No sooner had OCJOG (Organising Committee for the Jen Olympic Games) Chair, Maya, casually suggested that I try all the Olympic sports and write a blog about them, than she had promptly effed off to Australia for a sabbatical. So when she returned to London, post-JenOlympics, I was keen to drag her along to some activities, for Maya was a sport hater, too. But a strange thing had happened to Maya during her year abroad, and like all of us who let the mystical force of physical recreation into our lives: it seemed to be growing on her.
Maya returned from Australia, her head full of odd sounding activities like 5k runs where you lob dye at each other and, in this, case yoga which is conducted whilst hanging upside down in a silk hammock. Or, as Maya wisely put it – exercise that doesn’t feel like exercise! Well, that was enough for me. I’d actually already seen Binky and Cheska having a go at aerial yoga in an episode of Made in Chelsea. On this basis I had suspected it was something daft, rich people did because it was a. new and consequently a bit exclusive and b. wasn’t particularly hard work, so I was sold on both counts.
But it’s not a gimmick, I’m told. The point of all this is apparently that the hammock supports you in achieving a deeper stretch (because you can stretch further without falling over). Surely that’s just cheating at yoga? Sounds like guff to me, but by all means’ I’ll give it a try. I’m alright at yoga and I quite like it as a form of exercise, though they lose me at the “Om”s and the “Third Eye” shiz, if I’m honest. What is a third eye, anyway? I ask my pal Nicola, a keen yogi. It’s basically the eye of the tiger, she tells me, which feels instantly less sinister. Eye of the Tiger, incidentally, was number one in the charts when I was born *fistpumps*.
We rock up at the London Academy of Poledancing for our Aerial Yoga class where, once in the studio, we’re promptly fitted to our hammocks, which hang from the ceiling and need to be adjusted roughly to arse-height so you can sit in the fabric. The hammock feels a bit unstable to begin with; you wonder how robust it can really be. But, it’s constructed out of a ginormous fold of silk, big enough for you to literally wrap your whole body in, which is what we start off doing, in a pose called “womb”. Strangely, I quite like being in enclosed spaces, which is good to know, lest I ever be forced into captivity, so I feel pretty relaxed cocooned in the fabric. But this is just the opening sequence, and there’s plenty more to be getting on with.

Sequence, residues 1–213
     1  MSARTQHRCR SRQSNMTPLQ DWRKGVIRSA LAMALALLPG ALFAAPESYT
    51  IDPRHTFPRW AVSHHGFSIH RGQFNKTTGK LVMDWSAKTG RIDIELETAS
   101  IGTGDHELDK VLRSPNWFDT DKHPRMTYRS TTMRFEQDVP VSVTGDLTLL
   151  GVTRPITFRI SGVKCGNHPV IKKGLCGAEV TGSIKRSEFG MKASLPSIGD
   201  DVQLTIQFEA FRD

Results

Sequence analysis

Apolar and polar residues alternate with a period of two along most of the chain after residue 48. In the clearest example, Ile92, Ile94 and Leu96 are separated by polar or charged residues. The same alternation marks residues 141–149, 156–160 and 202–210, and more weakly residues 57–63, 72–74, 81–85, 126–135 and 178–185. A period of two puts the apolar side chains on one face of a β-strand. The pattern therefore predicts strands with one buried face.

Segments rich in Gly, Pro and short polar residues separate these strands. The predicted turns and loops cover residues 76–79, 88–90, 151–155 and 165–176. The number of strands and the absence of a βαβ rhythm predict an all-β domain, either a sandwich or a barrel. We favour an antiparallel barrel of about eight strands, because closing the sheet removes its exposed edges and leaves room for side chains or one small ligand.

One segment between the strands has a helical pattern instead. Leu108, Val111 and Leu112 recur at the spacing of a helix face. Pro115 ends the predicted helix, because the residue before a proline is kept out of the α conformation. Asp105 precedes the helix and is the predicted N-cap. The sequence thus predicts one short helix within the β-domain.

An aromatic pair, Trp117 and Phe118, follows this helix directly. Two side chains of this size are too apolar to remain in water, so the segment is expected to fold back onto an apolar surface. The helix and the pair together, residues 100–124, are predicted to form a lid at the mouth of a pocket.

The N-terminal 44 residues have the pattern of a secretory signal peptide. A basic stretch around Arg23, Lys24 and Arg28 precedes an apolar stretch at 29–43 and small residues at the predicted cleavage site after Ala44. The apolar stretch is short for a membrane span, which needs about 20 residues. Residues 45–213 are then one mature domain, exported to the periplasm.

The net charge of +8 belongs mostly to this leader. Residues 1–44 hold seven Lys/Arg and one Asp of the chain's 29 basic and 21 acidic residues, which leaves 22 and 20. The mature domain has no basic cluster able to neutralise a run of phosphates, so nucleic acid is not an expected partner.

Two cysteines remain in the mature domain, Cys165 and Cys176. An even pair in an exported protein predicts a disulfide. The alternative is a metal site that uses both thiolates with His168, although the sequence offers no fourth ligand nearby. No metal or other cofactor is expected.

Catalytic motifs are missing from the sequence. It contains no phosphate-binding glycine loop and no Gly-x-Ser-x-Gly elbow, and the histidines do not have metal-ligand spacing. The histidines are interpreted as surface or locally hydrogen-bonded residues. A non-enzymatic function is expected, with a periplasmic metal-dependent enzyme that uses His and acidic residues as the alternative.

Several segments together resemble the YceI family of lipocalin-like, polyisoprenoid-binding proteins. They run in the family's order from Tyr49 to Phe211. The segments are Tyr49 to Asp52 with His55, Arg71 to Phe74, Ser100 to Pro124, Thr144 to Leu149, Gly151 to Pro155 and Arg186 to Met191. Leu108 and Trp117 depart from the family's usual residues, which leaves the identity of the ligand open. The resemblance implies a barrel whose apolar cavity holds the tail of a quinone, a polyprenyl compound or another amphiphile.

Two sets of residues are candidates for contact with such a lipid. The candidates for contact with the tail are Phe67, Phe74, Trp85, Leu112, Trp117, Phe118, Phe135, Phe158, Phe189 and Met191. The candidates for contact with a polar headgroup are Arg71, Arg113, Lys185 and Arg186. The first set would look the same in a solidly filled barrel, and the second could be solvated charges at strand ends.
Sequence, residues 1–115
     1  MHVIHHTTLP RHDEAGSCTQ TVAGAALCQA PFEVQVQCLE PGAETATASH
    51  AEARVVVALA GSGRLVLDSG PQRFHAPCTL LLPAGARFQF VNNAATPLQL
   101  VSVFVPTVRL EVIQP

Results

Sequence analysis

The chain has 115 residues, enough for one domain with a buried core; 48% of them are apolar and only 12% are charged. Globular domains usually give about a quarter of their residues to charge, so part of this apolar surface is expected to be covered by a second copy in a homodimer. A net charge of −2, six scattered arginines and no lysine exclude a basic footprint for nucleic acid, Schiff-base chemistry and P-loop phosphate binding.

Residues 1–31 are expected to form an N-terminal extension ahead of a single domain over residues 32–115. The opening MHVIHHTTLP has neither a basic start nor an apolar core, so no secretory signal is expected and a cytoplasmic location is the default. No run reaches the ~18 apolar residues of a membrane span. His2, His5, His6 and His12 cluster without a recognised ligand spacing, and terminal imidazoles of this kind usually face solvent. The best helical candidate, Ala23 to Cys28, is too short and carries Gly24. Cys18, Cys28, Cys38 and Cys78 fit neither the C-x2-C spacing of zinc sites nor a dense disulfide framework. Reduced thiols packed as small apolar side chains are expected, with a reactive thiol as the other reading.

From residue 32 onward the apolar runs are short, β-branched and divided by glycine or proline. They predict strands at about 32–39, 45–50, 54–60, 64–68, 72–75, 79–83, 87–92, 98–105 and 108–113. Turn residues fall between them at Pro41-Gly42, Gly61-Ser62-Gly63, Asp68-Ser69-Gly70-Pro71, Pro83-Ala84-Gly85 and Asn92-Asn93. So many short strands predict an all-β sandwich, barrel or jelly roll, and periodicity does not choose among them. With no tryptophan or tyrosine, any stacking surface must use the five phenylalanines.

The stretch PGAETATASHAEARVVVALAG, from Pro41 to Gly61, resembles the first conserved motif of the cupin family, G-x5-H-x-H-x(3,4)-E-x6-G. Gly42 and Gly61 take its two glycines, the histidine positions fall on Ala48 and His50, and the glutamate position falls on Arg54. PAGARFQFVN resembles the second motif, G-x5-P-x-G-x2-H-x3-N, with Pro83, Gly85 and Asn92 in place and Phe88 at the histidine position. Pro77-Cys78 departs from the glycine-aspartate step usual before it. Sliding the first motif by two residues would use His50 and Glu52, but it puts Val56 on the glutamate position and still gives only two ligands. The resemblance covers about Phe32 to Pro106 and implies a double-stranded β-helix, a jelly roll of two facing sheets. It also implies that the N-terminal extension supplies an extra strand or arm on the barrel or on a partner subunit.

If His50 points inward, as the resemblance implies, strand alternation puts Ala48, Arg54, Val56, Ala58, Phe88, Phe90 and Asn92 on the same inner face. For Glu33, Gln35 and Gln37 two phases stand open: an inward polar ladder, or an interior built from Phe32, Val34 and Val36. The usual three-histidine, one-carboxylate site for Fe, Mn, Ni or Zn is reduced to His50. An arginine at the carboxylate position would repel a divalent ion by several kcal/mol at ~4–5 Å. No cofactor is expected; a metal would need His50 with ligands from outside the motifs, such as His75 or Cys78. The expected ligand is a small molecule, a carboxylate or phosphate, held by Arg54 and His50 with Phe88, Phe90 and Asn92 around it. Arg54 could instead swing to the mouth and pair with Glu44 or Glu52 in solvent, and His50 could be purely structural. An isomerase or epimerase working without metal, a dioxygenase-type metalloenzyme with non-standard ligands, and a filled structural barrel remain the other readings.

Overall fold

The “poses”, which are referred to, slightly creepily, as “inversions”, are influenced by yoga, pilates and gymnastics. They have brilliant names, like the totally legitimate dance moves of Dancing on Ice, which any returning followers will know, I’m obsessed with. You’ve got your “Booty wrap”, for example, which involves wrapping your hammock round your bum and flipping yourself over, the “vampire” and it’s rabid friend, the “bat”.
The moves are all quite different, though, which makes the class pretty varied. You’ve got some where you basically lie in the hammock and “fly” which, as you would imagine, is awesome. You’ve got slightly terrifying inversions where you hang upside down, which despite the terror, is still awesome and apparently pretty good for your upper body strength. There are others which are more like hammocky adaptations of classic yoga poses like the Warrior, which involves sticking your heel in the hammock and standing on one leg. It is at this point I realise the hammock is not a gimmick. This is because I am “achieving a deeper stretch”, which is evident by the pain and the fact that I am sort of falling over, hammock or not. We finish with a little lie down in our hammocks and I could honestly have a little nap at this stage.
My new sense that the hammock might not be a gimmick after all is confirmed the next day, when I feel as if I’ve been run over by a bus. But regardless of the intense pain I experience in pretty much every fabric of my being, I had a brilliant time at aerial yoga. It’s not a coincidence that all yoga teachers are ridiculously buff – it’s a brilliant strengthening exercise, so a bit of pain is par for the course. Anyway, I’m mad keen on the pain – it means I’m on the way to having a better arse, right? With aerial yoga, you leave feeling all elongated and light, and it’s so much more fun than normal yoga, because where else do you get to hang upside down like a bat?
Drop-in Aerial Yoga classes at the London Poledancing Academy cost £25, alternatively, six week courses cost £99.